A Blog on Mythology and occasionally on Reality.

This is a Blog on Mythology, both Indian and World and especially the analysis of the myths.

In effect, the interpretation of the inherent Symbolism.


Monday, October 24, 2011

Dhanteras and Chan-Chu

Today is Dhanteras (a day when Goddess Lakshmi is worshipped for prosperity). The relevance of this day and its mythical allusions can be read in my last years article on the same topic (http://utkarshspeak.blogspot.com/2010/11/dhanteras.html).

But today we will not be repeating the same.
On this day of worshipping wealth, I would like to talk about a symbol that many of us use without knowing the meaning or the implication of the same. Many of us have seen the Chinese three-legged toad, which is a common Feng-shui symbol for money or generation of wealth. Do we know more on this? Here’s what you might want to know about it.
The three-legged money toad is known as Chan-Chu in Chinese. It is one of the most popular symbols of wealth and prosperity and found most commonly in households, offices and more so near cash boxes. It is often depicted as a toad, with read bulging eyes and flared nostrils, sitting atop a heap of coins and a single coin in its mouth. The followers of Feng-shui believe that the symbol helps in creating and protection of wealth, besides driving away evil and bringing prosperity.
According to the Chinese myths, the King Money Frog, a mythical king, if seen outsides ones homes on a full moon night, brings good news to the house and this good news could convert into some monetary benefit and thus the association with wealth again. Besides bringing luck and prosperity through wealth, the money frog could also ward away bad-luck which could have been an impediment in wealth creation, again leading to monetary prosperity.
Is there any myth involved in the belief of this? It is important to know that frogs and toads (seen as similar) have been seen as signs of fertility and in many cases as harbingers of rain. In any agrarian society, rains ensure prosperity, which is again associated with wealth.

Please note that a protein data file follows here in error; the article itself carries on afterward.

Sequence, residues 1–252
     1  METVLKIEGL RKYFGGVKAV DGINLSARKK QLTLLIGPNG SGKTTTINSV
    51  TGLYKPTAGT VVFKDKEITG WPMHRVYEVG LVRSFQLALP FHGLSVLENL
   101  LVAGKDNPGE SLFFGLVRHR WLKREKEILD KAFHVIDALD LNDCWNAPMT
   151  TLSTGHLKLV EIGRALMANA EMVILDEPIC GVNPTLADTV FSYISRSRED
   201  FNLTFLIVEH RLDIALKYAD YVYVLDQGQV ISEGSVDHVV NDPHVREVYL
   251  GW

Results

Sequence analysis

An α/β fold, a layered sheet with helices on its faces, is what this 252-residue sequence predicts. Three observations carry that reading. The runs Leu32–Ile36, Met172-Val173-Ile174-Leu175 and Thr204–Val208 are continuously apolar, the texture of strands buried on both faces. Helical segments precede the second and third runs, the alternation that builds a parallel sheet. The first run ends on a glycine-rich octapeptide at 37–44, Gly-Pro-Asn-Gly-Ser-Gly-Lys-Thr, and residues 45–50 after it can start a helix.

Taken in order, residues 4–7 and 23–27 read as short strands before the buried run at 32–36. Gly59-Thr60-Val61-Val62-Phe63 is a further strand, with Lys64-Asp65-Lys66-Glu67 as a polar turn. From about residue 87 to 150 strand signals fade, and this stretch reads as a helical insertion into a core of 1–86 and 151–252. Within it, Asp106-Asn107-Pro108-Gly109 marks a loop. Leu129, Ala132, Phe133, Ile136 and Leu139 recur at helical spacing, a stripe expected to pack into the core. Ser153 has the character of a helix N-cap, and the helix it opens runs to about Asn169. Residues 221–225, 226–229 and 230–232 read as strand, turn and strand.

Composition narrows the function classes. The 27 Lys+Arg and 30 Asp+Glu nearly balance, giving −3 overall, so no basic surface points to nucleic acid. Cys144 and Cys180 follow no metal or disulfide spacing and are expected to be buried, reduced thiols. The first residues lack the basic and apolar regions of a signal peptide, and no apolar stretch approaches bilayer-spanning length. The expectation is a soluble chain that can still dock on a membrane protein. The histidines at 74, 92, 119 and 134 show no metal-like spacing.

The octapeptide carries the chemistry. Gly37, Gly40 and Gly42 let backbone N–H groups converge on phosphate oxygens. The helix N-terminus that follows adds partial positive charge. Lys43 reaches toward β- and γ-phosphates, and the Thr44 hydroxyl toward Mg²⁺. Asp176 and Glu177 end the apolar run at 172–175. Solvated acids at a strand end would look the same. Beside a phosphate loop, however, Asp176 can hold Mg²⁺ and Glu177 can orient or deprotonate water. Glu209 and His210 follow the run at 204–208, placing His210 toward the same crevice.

One of the myths which though is an astronomical myths is associated with the symbol. According to this myth, Ch’ang O, who was the sister of the water spirit married ShenI, who had just got the pill of immortality. However, to use the pill it had to undergo some rituals and so ShenI left for the same. In the absence of her husband, one night Ch’ang O found the pill of immortality and ate it and soon started feeling light and could fly. When ShenI returned and didn’t find the pill he asked his wife about it. Fear struck Ch’ang O and she flew out of the window. ShenI chased her with a bow and arrow, but the stong winds stopped ShenI from chasing Ch’ang O who was flying higher and higher. Ch’ang O soon reached a place as white and snow and a luminous cold place and started feeling sick and started vomiting and in that she vomited the upper covering of the pill of immortality, which was soon converted into a rabbit as white as could be! But this made Ch’ang O immortal and made this cold place, the moon, as her abode. The God of Immortality then spoke to ShenI and rewarded him for his hard work by giving him the Palace of Sun and transformed to be sent to the sun. But as the sun does, he travels round the universe and once in a year goes to his wife who was sad and lonely. It is said that ShenI then built a palace for her and from then onwards, on the fifteenth day of every moon, he went to visit her and on this day, the moon shone in its full brilliance! Later when they reached the heavens they were honored and later depictions have shown both as god and goddess, with ShenI holding the moon and Ch’ang O holding the moon. I guess you are still looking for the toad, right? Well the Chinese mythology adds a sequel to this myth by saying that Ch’ang O was later changed into a toad, the outline of which is still visible on the surface of the moon!
Though the above myth is associated with immortality, the same in the earlier times was a sign of achievement and the end of all woes. Achievement of immortality was in a sense the achievement of the greatest of all wealth, akin to godliness, something that only the gods had. The association of immortality of earlier times with prosperity in modern times is not all that unfound, and the association of prosperity with wealth is definitely not unfound by any standards.
So, on this day of Dhanteras, when tradition dictates one to buy gold and silver, the prices of which is trying to kiss Ch’ang O (i.e. the moon), it might be a good idea to buy the Chinese three-legged toad instead! It might just help you to create enough wealth for you to buy the gold or silver next year!   
On this day, here’s wishing all of you – Happy creation and retention of wealth!

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